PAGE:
Many common diseases, such as cancer, diabetes, and cognitive decline have all been linked to advanced age, and a large portion of biomedical research is dedicated to unraveling the complex biological changes that link aging to disease. Recent studies have shown that age can be estimated?independent of sex or tissue type?based on the methylation status of 353 CpG dinucleotides in the nuclear genome. The weighted average of these sites forms an age predictor (or ?DNA clock?) called the Horvath Clock, after its discoverer, Dr. Steve Horvath. Additional work with the Horvath Clock has indicated that there is an ?age acceleration? in the clock for a variety of age-related conditions such as Alzheimer's disease and premature aging syndrome. The mechanisms by which these methylation changes occur during aging remain unclear, but several studies have shown an interaction between the nuclear and mitochondrial genomes relative to the epigenetic landscape. Our recent studies have demonstrated that mutations in the mitochondrial genome (mtDNA) are acquired rapidly, leading to defects in mitochondrial metabolism and an increased production of reactive oxygen species (ROS). Other research has shown that increased ROS due to mitochondrial dysfunction can affect methylation in the nuclear genome. Based on this and similar results linking ROS levels with DNA methylation changes, we hypothesize that the mitochondrial dysfunction caused by age-related mutations in mtDNA results in increased ROS production and is linked to epigenetic markers of aging. We propose the following approaches to explore the role of mitochondrial dysfunction in modulating the DNA clock: 1) To examine the effects of known pathogenic mtDNA mutations in the DNA clock. One popular model for aging in mammals is that the aging process is fundamentally caused by a vicious cycle of mitochondrial mutation, wherein mtDNA mutations trigger respiratory chain dysfunction, resulting in increased ROS that causes additional mtDNA mutations and a further loss of respiratory chain function. We propose using a commercial microarray platform which includes all 353 age-related CpG sites to investigate whether there is accelerated DNA methylation age in patients harboring pathogenic mutations in mtDNA compared to sex- and age-matched healthy individuals. 2.) To examine the effect of ROS on accelerated epigenetic age in a mouse model. Age-related loss of physiological function is, to a large extent, due to the progressive accumulation of oxidative damage caused by increased mitochondrial ROS and progressive decline in antioxidant function. ROS-induced DNA methylation could be an important mechanism for the epigenetic regulation of gene expression, making cellular mechanisms for neutralizing ROS essential. We intend to investigate whether disruptions in the normal production and degradation of ROS in the cell can lead to a quantifiable acceleration in the DNA clock. We propose to test this hypothesis using a mouse model of ROS- induction via injections of D-galactose, and to measure the resulting shift in epigenetic aging.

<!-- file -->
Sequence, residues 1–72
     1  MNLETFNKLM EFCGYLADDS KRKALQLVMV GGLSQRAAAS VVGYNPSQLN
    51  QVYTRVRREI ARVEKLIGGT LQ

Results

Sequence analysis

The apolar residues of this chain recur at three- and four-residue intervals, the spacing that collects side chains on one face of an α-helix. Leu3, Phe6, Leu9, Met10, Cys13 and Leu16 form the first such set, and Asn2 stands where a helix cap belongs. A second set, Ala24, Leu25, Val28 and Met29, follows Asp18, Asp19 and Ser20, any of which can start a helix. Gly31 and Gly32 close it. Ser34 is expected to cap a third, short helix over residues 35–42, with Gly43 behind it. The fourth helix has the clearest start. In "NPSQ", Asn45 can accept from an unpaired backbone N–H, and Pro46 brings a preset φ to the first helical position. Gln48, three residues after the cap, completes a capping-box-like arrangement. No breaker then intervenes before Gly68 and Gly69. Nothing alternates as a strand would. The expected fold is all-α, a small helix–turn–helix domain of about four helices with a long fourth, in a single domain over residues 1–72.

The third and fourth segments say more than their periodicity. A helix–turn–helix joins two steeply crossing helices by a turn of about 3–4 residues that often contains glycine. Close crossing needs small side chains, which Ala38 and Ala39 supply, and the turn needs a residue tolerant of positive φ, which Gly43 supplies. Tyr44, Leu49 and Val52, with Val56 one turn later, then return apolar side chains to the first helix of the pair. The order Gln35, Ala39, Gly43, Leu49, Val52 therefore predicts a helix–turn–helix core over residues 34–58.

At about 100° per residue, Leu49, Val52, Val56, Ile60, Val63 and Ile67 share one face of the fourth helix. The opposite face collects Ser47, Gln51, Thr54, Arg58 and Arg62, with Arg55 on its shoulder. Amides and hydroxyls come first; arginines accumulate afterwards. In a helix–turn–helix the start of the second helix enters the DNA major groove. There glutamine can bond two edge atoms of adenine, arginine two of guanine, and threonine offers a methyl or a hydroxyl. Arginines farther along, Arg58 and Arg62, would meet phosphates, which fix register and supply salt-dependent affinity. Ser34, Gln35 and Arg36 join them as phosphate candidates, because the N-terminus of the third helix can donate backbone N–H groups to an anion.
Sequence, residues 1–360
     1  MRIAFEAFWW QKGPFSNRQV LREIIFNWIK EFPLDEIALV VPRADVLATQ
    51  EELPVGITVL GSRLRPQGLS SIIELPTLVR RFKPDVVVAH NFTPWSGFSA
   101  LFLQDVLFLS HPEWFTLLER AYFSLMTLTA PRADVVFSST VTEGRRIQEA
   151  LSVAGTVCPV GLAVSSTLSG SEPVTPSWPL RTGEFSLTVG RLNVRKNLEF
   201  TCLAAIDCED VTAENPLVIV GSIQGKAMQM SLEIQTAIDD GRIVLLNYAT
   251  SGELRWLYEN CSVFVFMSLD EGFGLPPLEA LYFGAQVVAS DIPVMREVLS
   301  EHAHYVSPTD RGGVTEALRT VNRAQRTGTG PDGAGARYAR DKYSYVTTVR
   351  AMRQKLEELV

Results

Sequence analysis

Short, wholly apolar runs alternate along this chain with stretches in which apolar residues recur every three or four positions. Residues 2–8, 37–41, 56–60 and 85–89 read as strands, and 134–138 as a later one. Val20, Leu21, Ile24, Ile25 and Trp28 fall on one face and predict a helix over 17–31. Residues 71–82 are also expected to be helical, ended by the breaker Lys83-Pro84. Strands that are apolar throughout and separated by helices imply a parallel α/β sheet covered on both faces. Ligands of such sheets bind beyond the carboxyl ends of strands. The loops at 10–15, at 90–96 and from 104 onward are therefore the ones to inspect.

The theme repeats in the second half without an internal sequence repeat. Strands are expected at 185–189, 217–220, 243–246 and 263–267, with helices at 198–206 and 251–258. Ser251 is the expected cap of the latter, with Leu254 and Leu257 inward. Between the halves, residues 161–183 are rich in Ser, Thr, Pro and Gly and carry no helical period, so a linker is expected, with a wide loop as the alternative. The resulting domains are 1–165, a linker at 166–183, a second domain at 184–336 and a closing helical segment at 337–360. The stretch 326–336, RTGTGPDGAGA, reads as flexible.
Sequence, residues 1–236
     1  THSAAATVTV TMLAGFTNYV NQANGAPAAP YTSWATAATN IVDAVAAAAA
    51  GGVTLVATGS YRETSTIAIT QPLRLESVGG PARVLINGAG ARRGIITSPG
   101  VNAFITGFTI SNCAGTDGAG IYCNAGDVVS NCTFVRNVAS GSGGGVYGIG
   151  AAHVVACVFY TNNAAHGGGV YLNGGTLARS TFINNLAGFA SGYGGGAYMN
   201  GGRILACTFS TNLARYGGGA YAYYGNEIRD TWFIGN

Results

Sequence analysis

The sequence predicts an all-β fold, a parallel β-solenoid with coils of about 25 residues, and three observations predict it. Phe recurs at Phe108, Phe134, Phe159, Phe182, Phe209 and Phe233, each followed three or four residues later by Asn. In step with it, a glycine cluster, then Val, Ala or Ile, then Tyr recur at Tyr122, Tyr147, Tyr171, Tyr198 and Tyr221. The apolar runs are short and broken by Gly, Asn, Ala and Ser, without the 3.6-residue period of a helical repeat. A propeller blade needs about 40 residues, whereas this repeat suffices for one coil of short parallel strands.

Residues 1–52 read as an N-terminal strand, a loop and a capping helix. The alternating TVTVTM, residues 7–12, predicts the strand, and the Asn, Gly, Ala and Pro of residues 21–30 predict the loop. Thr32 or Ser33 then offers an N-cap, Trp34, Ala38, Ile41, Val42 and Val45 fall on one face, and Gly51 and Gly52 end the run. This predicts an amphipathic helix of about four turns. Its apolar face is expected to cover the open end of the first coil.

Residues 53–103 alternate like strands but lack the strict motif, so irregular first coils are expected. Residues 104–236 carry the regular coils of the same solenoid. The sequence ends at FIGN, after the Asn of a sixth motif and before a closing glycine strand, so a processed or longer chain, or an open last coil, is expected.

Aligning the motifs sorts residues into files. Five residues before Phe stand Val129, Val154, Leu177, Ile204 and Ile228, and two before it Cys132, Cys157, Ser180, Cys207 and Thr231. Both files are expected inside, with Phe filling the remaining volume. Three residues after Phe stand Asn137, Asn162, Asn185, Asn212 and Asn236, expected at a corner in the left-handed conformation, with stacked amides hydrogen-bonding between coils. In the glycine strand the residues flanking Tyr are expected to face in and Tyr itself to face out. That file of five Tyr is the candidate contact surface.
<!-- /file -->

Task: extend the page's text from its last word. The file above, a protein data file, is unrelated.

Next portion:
Aging is associated with many diseases, such as cancer, diabetes, and cognitive decline. Recent studies have shown that age can be estimated based on the methylation status of the nuclear genome (DNA clock). However, the molecular mechanism is largely unknown. Here we hypothesize that the mitochondrial dysfunction caused by age-related mutations in mtDNA results in increased ROS production and is linked to epigenetic markers of aging. We will examine the effects of known pathogenic mtDNA mutations in the DNA clock and further elucidate the molecular mechanisms by testing if ROS accelerates epigenetic age in a mouse model